fat.
cured." Such was the pathetic cry of a patient. Such
a mischievous, misleading, malicious article as that in
The Standard of July 7 may prevent sufferers from
A pre
profiteer
IllK't
trets
has no honor in hi- own
both honors and money
itintry but a
X'ow that the season'
civic i
be nc
going to Tranquille and BEING CURED AS I WAS.j" is hoped that there will
If you must print articles about the place get your I*11*-' ''**)' ha" tl,is Winter,
data from those who have been there, and not from]
the "sore heads" who are found everywhere, but from!       *lle close reason ior horse racu
those capable of judging thc merits'of such an insti- August first.    With an election m j
ttition.   A thorough knowledge of the place will make *vely (inclined will have a chance
you enthusiastic in  its praise���that is if there is no|c1ua-*.v '""-'"'am event
occult reason for "knocking" it.   As a grateful patient'
I ask you to publish this and undo some of the mis. i
chief you have���I hope unwittingly, done.
Yours tnlly,
LIONEL WARD.
Vancouver, Jul* 31, 1917
���;i-  -   if cold
issured
feet at
commences  an
"J'ew and short were the -kirl-
the beach they disported "Fr
rhymes," by Joe Fortes.
thi '.
im   E
re as
���i_dish    i:
Many Hundred Good Liberals
Prevented From Attending Convention
CHE exhibition of cinematograph pictures illtt
trating the water powers of Canada and   the
manner in which such power has been applied to in
dttstrial purposes which has    been    given    recently
under the auspices of the Canadian Engineers was
indeed a revelation to many, even those    who    had fK HE* PeoPle ��'ho calIecl tl,e Liberal Convention at
acquired scientific knowledge of the subject. IW     Winnipeg sent their notice to B. C. Liberals
For two hours and more an audience which com- through Hon. H. C. Brewster. It is said that the
prised men of light and leading from a very wide iletter containing the notice of the convention bore the
area sat spell bound while they took in through eye-! address. "H. C. Brewster. British Columbia." Now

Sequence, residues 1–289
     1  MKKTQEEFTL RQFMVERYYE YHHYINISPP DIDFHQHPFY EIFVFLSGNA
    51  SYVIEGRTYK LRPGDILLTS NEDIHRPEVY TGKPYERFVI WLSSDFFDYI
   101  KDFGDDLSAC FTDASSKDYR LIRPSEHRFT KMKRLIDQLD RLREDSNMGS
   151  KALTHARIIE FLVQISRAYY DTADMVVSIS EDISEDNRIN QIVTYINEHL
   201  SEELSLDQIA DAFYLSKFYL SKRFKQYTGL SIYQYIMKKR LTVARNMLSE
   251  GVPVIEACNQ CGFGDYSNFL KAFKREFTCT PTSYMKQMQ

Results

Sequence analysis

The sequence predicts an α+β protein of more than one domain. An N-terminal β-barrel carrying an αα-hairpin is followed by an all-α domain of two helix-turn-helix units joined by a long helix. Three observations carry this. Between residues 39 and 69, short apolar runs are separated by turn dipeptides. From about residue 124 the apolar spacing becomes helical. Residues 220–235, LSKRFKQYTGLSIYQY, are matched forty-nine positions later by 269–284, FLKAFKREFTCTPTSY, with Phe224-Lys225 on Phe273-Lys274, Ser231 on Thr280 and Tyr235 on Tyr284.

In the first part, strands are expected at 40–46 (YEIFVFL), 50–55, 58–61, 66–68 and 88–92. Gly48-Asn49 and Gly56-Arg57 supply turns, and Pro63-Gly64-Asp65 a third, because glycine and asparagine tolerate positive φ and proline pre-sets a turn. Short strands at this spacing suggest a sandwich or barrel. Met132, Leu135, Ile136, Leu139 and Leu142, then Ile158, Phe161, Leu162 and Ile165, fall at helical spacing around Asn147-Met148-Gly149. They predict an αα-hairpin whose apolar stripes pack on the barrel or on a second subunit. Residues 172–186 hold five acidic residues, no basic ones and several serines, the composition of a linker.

gates knowledge of the wonderful resources of this -* tht' lettcr had been addressed to Sir Richard Mc-
country. Not a word was spoken by any official. The I llrille or Honest John Oliver it would have been sent
pictures were allowed to speak for'themselves. And promptly along to Mrs. Hill, 1416 Comox St.; how-
dull indeed must have been the man who could not [ever, the postal clerk had. apparently, heard little of
realize that Canadian cities, and Vancouver in par- i'thc man "H. C. Brewster. B.C.," so he sent the letter
ticular, have waterpowers within easy reach sufficient! hack to the dead letter office from whence it was sent
to do work for every industry, and "properly utilized, to the premier in due course.
to place every denizen of this land above want and in I      Tims things were delayed so that Liberals from
comfort approaching luxury. ! B. C. were only given a couple of days in which to|gp Mah\ine FridaV Meatless Day
Longfellow has said that if the power which fills I prepare to attend the meeting in Winnipeg. As a
the world with terror and the wealth spent on camps]result many of the representative Liberals of the Pro-;vir'T looks as if another one had been put over on
and courts was devoted to redeeming the human mind i vince will not be able to attend. This is unfortunate j ,-L* our friends the Orangemen, this time by Food
from error there would be no need for arsenals and to say the least. There are hundreds of worthy Lib- i Controller Hanna. By making Friday one of the two
forts. And by a similar parity of reasoning we mayjerals who would have been pleased to attend the con-; meatless days he is asking Protestants to abstain
say that if the natural waterpowers of this wonderful i vention hut are unable to do so owing to this short ��� twice a week for the sake of the Empire, while Catho-
country were not cornered by corporations or allowed | notice. . i lies will abstain but once a week for the sake of the
I he  Canadian   Kilties
cently made a whiffwini
States, securing huhdre
to blow about.
The pul
, but when it
/.  W.  W. Agitators Should Be
Handled In the American Way
>rt IT11 the awakening of industrial life iu Yancoit-
" 1/ ver, the city is being made the mecca for professional labor agitators of the I.W.W. type.
W'e are these jjays being treated to the spectacle
of the harbor being tied up by striking longshoremen j man the other day
who are prepared to go the limit with slung shot an
bagpipe   bands   which
campaign t ir mgh tiie United
s of recruits have something
lie can stand wheatless
comes to eatless nature
and meatles   d
; bhors a vacuum
'Who writes those Province editorials?" a-ked :>.
bomb if their demands are not promptly met by the
companies.
Our trouble in Vancouver is that we are too slow
about coming to the point. In the United States they
deport people who criminally conspire to hamper industry. Tt is time that some such action were taken
here. And may it be known that men who arc kicking up the trouble in Vancouver are not Canadians:
usually they are newcomers from below the line. Yen*
"A gentleman bv the
a friend.
of MakOvski," replied
"McCoskey," said the man. "MeGoskey    	
I knew d  well that only an Irishman could write
sich intilligint editorials.